View Full Version : Filter to fatten discus?

03-16-2008, 05:31 PM
Hello, I want to know that filter used to fatten discus.

It's best foam filter or biological filter like this.



Tropical Haven
03-16-2008, 08:17 PM
I am a little confused here, how can a certain filter fatten up discus?

03-16-2008, 10:35 PM
I am a little confused here, how can a certain filter fatten up discus?

I think he means, to grow out discus.:confused:

I don't care for submerged filters, as he shows.
There is not enough open air/water interface.

I prefer wet/dry type trickle filters.
Because they have a LARGE air/water interface.
Not to mention, are easy to clean & maintain.


Plus, are EASY & inexpensie to build yourself.

03-17-2008, 08:14 AM
True, but in Spain use filters like this to fatten discus. To say these filters?

03-17-2008, 09:12 AM
hi Riu
do you mean to make your discus bigger?
fresh air alone will not make you big or fat ,only food will do the trick,same for discus

03-18-2008, 11:17 AM
The filter shown, IMO isn't anything special. As I see it, you have prefiltering on the white material at the top left where the water is coming in. Then the blue material appears to have form, so I'm going to guess sponges, although, years ago, there was a product called bio-blocks, 2x2" square blocks with rods that plugged together end to end. Lots of surface area, but not great at de-gassing in trickle towers. The pic isn't detailed enough for me to tell. The water flows under the dam into a bio area with ceramic or sintered glass and gravel. The submerged bio media is OK, but it certainly doesn't appear to be enough (again hard to tell) and how much water flows around the bags instead of through the media? Then over the top of the dam, into another floss and what appears to be spiral wound bonded pad.area, and on to pumping. What I don't see is any major air exchange going on, short of the trip over the one dam to the right of the bio area, and presumably, at the surface of the tank water through skimming. If the bacteria aren't being fed oxygen, they are consuming it from the tank water itself... that's one distinct advantage of trickle systems.. excellent oxygen saturation, and gas exchange. I'm with rockhound on this, not enough gas exchange, and possibly very low O2/high CO2 content depending on fish load, and whats in the tank above. I don't see any advantage to fattening up fish with this set up.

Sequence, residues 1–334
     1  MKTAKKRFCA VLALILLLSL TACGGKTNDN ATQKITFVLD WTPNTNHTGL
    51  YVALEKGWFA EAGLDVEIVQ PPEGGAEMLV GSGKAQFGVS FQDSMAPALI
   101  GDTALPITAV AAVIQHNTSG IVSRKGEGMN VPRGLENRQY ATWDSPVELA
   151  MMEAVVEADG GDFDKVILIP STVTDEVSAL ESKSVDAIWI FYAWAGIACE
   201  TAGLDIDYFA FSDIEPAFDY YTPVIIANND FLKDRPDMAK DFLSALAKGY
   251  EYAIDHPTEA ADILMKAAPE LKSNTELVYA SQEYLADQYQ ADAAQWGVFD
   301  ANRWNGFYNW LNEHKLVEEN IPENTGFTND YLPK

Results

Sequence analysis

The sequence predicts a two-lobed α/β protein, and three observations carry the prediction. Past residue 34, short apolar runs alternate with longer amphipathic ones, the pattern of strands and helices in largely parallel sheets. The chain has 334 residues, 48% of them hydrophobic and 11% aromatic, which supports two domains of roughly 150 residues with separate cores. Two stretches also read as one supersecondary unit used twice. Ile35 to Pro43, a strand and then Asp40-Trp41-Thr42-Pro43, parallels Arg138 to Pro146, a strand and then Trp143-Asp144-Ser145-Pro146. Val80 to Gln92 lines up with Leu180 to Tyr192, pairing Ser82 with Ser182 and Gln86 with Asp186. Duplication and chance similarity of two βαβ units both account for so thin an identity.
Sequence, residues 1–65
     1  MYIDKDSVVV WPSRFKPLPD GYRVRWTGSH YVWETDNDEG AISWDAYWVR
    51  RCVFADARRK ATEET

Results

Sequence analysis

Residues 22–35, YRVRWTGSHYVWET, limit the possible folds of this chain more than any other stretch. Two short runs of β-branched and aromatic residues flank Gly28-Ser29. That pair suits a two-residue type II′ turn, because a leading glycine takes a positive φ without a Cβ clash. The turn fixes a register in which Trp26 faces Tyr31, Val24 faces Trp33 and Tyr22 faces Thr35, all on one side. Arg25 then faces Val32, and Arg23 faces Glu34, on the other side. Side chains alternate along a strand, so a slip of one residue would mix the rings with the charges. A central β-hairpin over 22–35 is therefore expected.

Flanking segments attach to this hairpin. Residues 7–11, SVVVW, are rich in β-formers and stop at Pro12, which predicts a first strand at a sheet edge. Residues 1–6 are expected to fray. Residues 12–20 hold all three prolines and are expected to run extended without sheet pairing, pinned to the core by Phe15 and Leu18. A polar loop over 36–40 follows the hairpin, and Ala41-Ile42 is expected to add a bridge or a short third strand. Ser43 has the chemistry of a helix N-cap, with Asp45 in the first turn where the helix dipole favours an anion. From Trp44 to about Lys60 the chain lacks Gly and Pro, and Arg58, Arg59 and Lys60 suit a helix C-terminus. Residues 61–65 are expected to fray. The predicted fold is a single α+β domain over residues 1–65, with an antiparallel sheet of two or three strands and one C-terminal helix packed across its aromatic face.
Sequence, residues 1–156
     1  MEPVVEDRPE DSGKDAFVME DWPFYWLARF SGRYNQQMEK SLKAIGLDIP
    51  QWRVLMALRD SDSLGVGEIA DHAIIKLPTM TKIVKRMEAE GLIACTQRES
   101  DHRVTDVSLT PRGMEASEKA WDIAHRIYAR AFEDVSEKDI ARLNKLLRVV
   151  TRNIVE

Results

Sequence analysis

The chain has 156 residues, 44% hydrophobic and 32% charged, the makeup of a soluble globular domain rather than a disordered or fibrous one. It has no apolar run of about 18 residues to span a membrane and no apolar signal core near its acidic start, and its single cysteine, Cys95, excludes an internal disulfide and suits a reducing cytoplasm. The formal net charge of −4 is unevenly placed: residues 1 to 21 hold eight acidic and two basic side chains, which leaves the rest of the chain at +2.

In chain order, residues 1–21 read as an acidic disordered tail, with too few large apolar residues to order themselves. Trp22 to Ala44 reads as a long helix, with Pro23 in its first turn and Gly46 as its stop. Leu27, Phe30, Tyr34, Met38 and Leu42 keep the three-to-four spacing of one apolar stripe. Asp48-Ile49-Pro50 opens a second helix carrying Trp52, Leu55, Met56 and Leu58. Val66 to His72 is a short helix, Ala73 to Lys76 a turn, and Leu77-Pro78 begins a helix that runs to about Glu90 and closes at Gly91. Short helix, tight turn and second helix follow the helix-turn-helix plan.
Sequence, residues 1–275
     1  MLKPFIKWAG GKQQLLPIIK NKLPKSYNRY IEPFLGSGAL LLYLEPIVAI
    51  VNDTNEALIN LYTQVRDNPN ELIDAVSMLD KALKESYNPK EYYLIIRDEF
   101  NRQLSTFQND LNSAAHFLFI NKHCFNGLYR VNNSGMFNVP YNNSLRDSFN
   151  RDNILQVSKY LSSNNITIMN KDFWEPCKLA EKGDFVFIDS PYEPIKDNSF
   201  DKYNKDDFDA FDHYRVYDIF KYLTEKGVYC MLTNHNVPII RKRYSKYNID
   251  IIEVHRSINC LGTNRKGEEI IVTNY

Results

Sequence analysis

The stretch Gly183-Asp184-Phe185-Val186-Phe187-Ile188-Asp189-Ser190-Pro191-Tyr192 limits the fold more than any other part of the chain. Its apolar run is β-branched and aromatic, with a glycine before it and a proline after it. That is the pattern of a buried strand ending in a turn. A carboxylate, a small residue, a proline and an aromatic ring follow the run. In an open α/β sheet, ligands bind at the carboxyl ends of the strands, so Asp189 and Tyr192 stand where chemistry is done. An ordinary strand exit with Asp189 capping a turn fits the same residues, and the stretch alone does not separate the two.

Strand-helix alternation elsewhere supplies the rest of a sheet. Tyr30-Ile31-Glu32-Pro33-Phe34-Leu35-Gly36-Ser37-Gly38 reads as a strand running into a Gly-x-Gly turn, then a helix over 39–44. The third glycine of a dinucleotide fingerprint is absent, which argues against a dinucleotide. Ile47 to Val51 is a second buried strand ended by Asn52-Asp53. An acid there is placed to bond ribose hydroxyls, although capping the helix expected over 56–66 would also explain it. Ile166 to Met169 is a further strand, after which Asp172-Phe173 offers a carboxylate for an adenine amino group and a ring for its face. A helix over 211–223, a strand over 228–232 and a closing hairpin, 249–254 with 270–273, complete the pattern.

I could see where this could work, but I would modify it into more of a refugium set up like in marine keeping. Fine fliter bags at the inlet, over a dam, down through bio media with air injection, under a dam into a fully planted area with CO2, cable heat, fertilizers, and bright lights directly over the plants, and over a final dam to pumping. But, I live in my world, and they know me here, so I could be way off. But, I think the idea has as much merit in fresh water as it does in marines for keeping water quality high.

03-18-2008, 02:46 PM
Hi Salth20 :thumbsup:

But you believe that it's the best aquarium filter for growth?

Better that filter, or better filter sponge?

03-18-2008, 05:21 PM
I have read that trickle filters are the best for growouts tho I've never tried it. They have a number of advantages but cirtainly aren't nescessary for good growth. I use a combination of air driven sponge filters and HOB (Aqua Clear 110/500) filters along with lots and lots of fresh clean water.
I think the filter shown by riu would work fine for growouts if kept well maintained and would be much better than a refugium, which would be similar to growing juvies in a planted tank, which, as we know, doesn't work very well.